elleXX Legal Protection
Sexism, bullying, wage inequality in the workplace? Absolute no-goes, yet many women put up with it because they fear high legal fees. This has to stop. It is time for a new kind of legal protection insurance by women for women. On where you get immediate help, sensitive legal advice, and a lawyer of your choice.

Wage checklist

    • Conduct research on employee rating portals such as Kununu, Glassdoor & Co,

    • use wage calculators such as Salarium or lohnrechner.ch

    • talk to people on your skill level and within your industry about wages, particularly questioning men with similar qualifications.

    • Be persistent. Ask several times. This will eventually pay off. Make a personal appointment with your superior. Subject: personal development.

    • Start the conversation with affirmative, supportive words, emphasize commonalities such as " I like to work with you", "we want the same thing". If you are welcoming, you will receive more goodwill in return (psychology: reciprocity).

    • Define a salary threshold for yourself and slap a quarter on it. Superiors will automatically negotiate you down. But if they reject the first lofty demand, they're more likely to agree to the second, slightly lower demand.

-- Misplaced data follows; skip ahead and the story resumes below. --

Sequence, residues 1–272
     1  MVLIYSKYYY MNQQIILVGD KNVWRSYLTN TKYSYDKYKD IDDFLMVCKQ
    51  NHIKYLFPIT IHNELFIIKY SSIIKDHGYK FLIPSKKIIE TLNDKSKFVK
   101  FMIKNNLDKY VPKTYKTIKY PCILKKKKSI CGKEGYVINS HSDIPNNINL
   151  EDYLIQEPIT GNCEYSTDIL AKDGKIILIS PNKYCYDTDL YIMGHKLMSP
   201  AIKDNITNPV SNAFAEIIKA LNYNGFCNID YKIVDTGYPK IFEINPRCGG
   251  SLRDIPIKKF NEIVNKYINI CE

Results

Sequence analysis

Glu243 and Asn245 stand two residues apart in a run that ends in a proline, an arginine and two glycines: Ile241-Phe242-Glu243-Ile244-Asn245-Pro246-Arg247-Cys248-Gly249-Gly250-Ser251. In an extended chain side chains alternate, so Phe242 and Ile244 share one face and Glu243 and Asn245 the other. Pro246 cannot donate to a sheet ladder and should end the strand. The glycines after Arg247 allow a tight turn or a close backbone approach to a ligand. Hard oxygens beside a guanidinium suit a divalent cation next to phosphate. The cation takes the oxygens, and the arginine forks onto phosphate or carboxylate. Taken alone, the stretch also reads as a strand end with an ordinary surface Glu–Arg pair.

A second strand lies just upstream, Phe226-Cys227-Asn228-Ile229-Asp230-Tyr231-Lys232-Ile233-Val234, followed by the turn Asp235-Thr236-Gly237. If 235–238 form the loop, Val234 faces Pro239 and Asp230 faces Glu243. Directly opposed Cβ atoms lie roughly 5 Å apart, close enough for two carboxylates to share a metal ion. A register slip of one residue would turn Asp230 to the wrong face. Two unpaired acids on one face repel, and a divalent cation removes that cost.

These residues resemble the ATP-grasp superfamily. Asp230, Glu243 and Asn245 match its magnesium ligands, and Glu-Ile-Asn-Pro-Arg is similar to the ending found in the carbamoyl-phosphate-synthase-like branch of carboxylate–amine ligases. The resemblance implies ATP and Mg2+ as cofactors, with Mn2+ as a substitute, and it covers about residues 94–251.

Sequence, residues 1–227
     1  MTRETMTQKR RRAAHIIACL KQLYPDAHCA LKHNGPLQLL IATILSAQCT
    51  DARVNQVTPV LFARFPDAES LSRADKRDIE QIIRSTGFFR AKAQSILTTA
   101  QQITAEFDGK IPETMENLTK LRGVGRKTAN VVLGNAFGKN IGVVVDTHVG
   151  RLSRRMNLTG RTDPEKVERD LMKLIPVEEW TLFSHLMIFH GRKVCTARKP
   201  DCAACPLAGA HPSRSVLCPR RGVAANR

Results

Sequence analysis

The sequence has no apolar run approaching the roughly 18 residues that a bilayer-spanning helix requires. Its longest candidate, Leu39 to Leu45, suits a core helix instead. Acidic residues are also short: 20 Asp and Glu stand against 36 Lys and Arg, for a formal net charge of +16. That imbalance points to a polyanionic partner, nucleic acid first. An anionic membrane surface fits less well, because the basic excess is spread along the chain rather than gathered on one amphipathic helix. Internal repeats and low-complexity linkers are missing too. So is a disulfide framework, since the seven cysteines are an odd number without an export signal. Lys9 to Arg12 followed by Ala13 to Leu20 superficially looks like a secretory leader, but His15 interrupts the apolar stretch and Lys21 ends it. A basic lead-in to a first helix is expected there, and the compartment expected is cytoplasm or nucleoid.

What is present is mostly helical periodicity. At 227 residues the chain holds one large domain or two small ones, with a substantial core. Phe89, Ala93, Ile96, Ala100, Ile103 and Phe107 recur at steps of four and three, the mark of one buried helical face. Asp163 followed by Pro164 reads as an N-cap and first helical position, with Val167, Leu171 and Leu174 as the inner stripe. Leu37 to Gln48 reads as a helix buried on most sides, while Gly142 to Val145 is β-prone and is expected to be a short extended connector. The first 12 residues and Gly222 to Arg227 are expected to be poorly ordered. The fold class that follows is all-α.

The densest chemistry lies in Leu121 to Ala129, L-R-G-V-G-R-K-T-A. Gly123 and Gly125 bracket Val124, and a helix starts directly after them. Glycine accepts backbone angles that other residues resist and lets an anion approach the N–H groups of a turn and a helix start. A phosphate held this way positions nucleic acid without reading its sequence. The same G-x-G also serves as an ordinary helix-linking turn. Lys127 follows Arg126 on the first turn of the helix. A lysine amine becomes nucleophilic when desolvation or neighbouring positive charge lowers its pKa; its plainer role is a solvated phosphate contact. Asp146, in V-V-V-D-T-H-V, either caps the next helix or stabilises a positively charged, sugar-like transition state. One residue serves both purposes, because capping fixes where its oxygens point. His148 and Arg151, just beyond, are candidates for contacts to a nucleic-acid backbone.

• When switching careers, set your target salary high and, most importantly, increase the base (compared to your last job). From a once negotiated base level, you will not move on so easily.

    • For I'm worth it: compile your personal glory list, note all your successes, achievements, extraordinary contributions and projects. Remember: cheers for soft skills, cross-disciplinary skills such as communication, teambuilding. They are in high demand in the new world of work (New Work & Innovation). All the while, be confident and realistic.

    • Prepare for the meeting by role playing with friends or relatives. This allows you to think it all through, as well as gain confidence and be better prepared for the conversation. If that fails, seek the help of a coach.

    • It's the small stuff: a clear and calm voice and sitting in upright position goes a long way.

    • Listen carefully and sense where your superior can be more flexible and where she cannot. If she deflects and stonewalls, start asking questions: that's interesting, could you tell me more about the underlying reasons? That may lead closer to a compromise.

    • If you do not come to an agreement, negotiate an increase in entry level salary after a few months of probation. Have this written down in your contract.

    • If you feel thrown off guard by a proposal, don't decide right away and ask for reflection time.

    • more vacation days,
    • Further education
    • home office, more flexible working (new work)
    • Taking over telephone, w-lan costs, co-working space subscriptions, travel expenses.
    • Assistance with childcare costs, transportation.
    • Participation and visibility at industry events (speakers).
    • Better job title (boost to LinkedIn).
    • Performance bonus later in the year.
    • Share options, associate options
    • Recruitment bonus